I’ve contributed another post to the Science Progress blog; it’s about how climate skeptics and deniers have been winning the PR battle the past two years, with science defenders and advocates still far too disorganized and ineffective. Here’s a sampling:
The new skeptic strategy began with a ploy that initially seemed so foolish, so petty, that it was unworthy of dignifying with a response. The contrarians seized upon the hottest year in the global temperature record, 1998—which happens to have been a powerful El Nino year, hence the record—and began to hammer the message that there had been “no warming in a decade” since then.
It was, in truth, little more than a damn lie with statistics. Those in the science community eventually pointed out that global warming doesn’t mean every successive year will be hotter than the last one—global temperatures be on the rise without a new record being set every year. All climate theory predicts is that we will see a warming trend, and we certainly have. Or as the U.S. EPA recently put it, “Eight of the 10 warmest years on record have occurred since 2001.” But none of them beat 1998; and so the statistical liars, like George Will of the Washington Post, continued their charade. Read More
..The entire [Swifthack] episode is an unfortunate case study of our increasingly Unscientific America–an example of how the media distorts a story, partisanship spins the details to suit a particular agenda, and scientists are ill-equipped to manage the PR fallout. I am saddened to observe the state of broad perception of climate science, but not surprised. Further, this is not “the public’s” fault. It’s up to us in the scientific community to figure out how to stay on message. If we aren’t prepared to speak up for ourselves in a united voice about the state of the planet, others with less noble intentions will. And we won’t like the result.
In your ‘note’, you take issue with the concept of staying on message:
Real scientists don’t have a “message.” Politicians and ideologues and science journalists have “messages,” and they have seduced many scientists to betray their science and “speak up in a united voice.”
You are spinning my words out of control. And I find it particularly amusing that a group intent on disputing evolution could have the audacity to accuse anyone else of betraying science. By staying on message, I mean that scientists must be clear when talking about science. As Phil noted, when we don’t, others with a particular agenda will distort what’s said for their own political purposes, and the important message about climate will get lost. [As you’ve just demonstrated].
You accuse Chris and me of being “ideologues..who have perverted science with their hard-left ideology..damaging science in ways that scientists haven’t even begun to comprehend.” That doesn’t even make sense. My allegiances never fell neatly on one side of the aisle and my decisions are dictated by content. As far as global warming, I go with the best science available.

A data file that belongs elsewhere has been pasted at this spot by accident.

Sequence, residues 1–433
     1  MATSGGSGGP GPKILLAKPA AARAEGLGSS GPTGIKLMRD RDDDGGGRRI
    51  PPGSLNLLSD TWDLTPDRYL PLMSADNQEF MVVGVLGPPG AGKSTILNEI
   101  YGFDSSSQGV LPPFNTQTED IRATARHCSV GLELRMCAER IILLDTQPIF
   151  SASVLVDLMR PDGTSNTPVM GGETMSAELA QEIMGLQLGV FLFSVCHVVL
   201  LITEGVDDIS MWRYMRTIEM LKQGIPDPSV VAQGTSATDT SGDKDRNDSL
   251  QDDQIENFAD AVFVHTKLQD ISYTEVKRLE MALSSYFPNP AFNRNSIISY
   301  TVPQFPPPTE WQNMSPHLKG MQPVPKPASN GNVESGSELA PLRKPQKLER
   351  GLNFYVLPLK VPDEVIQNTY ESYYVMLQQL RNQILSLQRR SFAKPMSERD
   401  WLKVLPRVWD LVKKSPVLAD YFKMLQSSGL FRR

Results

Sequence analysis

You call me a “science-journalists-with-an-agenda” who is “toxic to science” collaborating with “fools and opportunists” in the scientific community, before going on an incoherent ramble about invoking a “science-civil war.” Now it doesn’t do much good to address these kind of ridiculous remarks, so I will just make one point directed at what I percieve as your primary concern–the same I made in comments in the original post–and notably, the part you chose to omit:
While working on Capitol Hill, I became increasingly frustrated over the number of scientists that would arrive from universities, NGOs, and industry, who ultimately had the same goal regarding upcoming legislation, but a very jumbled mix of presentations with no notion of overlapping efforts. This is an institutional problem–much of which results from competing for limited resources and funding. On top of that, many scientists brought complicated p-values and figures yet did not explain to staffers what they represented. Meanwhile, psuedoscientific groups with a particular agenda were often well organized, articulate, funny, and could pack a briefing room by serving food. Now science, of course, should never be about lobbying. However, it is important to work across institutions and groups if we are to engage decision makers when we share common goals.
This post is simply to say that despite Siegel’s Herculean efforts, essentially the same item now turns up as an op-ed in The Washington Post. I’m sure Carl Zimmer will have much to say about fact-checking and the Post‘s op-ed page; but hey, it’s just presenting the “other side” on climate change, right?
I mean, so what if Sarah Palin asserts that the current warming is just part of a natural cycle, or confuses climate with weather–showing not only ignorance of basic climate science, but embracing positions quite contrary to accepted scientific knowledge. So what–because Republicans need their science too, and op-ed pages exist to let all sides to articulate their point of view–to say what they want to say and what they deeply feel, and do their best to attract lots of fans.
Just like Facebook does.